New Nurse - Losing motivation for nursing

  1. Dear Nurse Beth,

    I'm a new nurse. I have been working in long term care since I graduated and although it's been a great experience, I'm still having trouble getting a full time position and have been working casual at 3 different facilities (not at the same time, 2 at once, and now currently just working at one facility). However I'm not getting a lot of hours where I'm working and I have been applying to other jobs for months with no success. I'm starting to lose my passion for nursing, even though I know I love it. I'm even considering going back to school for something else entirely but I'm not sure if that is the answer, and I don't really have the money either. How do I prevent myself from losing my motivation for nursing? What do I need to do to find a decent job in nursing?

    Dear Losing Motivation,

    It's too soon to decide if nursing is not for you after less than a year and with no full time position. Maybe you are discouraged in job-seeking more than more than losing your passion for nursing.

    What have you done so far to land a different position, and what did your classmates do? Did any of them obtain full-time employment, and where are they working?

    Is your resume pristine and are you networking and learning interviewing skills? Are you able and willing to relocate if necessary to gain a more desirable position?

    You are right, it would be very expensive to give up now. The same energies you would put into pursuing more education can be put into job searching.

    Best wishes,
    Nurse Beth

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    About Nurse Beth, MSN, RN

    Joined: Mar '07; Posts: 1,382; Likes: 4,117


  3. by   RNJV
    Try to stick it out at least a year. When I first graduated as an RN it was very very difficult to get a hospital position unless you had already worked there as a PCT or had family/friends in the hospital that could help you secure a position.

    I also started out in a rehab/LTC facility and generally for the area that I was living in at the time for hospitals to even really consider your application they wanted you to have at least a year of experience under your belt. I stuck out my year and change and we ended up moving but I applied to several area hospitals and I finally got callbacks.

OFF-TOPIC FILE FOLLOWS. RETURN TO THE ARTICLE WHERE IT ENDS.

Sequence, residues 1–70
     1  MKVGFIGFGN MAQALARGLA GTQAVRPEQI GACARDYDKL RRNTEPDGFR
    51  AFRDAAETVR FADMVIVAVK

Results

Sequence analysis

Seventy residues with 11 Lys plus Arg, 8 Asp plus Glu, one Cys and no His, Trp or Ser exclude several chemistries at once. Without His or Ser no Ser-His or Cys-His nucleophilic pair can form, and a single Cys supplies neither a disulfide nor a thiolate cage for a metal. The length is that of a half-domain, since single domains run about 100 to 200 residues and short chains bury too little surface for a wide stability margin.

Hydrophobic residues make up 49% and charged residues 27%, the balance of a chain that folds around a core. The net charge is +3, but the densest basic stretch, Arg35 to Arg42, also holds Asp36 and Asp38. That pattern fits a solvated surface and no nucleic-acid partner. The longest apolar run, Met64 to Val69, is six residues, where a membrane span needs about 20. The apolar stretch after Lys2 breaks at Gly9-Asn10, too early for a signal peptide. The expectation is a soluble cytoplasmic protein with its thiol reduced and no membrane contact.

Just hang in there and maybe have someone take a look at your resume to see how it can be spruced up to be appealing to HR at a hospital.
  4. by   subee
    Most nurses are miserable their first year - it's just the way it is when you're so stressed out from inexperience. Don't give up so soon.
  5. by   kfostercma
    I am an AD RN and managed to find a 0.8 FTE job in long term care right away, but working in my favor is my gender. I have been frustrated trying to find something more specialized, hospitals in the Minneapolis, St Paul area where I live are unwilling to consider a nurse who hasn't completed a BSN, and I have yet to even land an interview at a clinic. 2 years is long enough for me to know I don't want to spend my career in LTC.
  6. by   Tcquilter
    I'm curious what your degree is. If you have your ADN, I would recommend you start working on your BSN. A lot of hospitals, especially Magnet hospitals, prefer to hire at the BSN level. Many hospitals now require new hires to complete their BSN within 3-5 years of hire, or be terminated. Having your BSN or be in school for it would probably help you get into a hospital setting much faster. I'd also be getting hours in at a skilled nursing facility so you have IV experience as well. You are technically still doing med-surg nursing, but some HR people still think LTC facility experience is glorified baby sitting for elderly. They don't grasp that your patients are on multiple meds, have multiple health problems, may have just come from a hospital after an illness, or come from surgery for rehab. Your patients get sick in your facility and you obviously have the skills to recognize that they may have a UTI, pneumonia, or are going into CHF, having an MI, or a stroke. Keep your chin up! Learn all you can, try to assume charge positions so you can get some leadership skills to add to your resume, and maybe sit with a professional to boost up your resume a bit. And go for that degree! It will open a lot more doors in your career than you can imagine! I pool poohed the idea for 13 years, then went back and did it. It made me a much better nurse because it changed the way I did critical thinking, enhanced my leadership, and gave me a different perspective on my career that I didn't have before.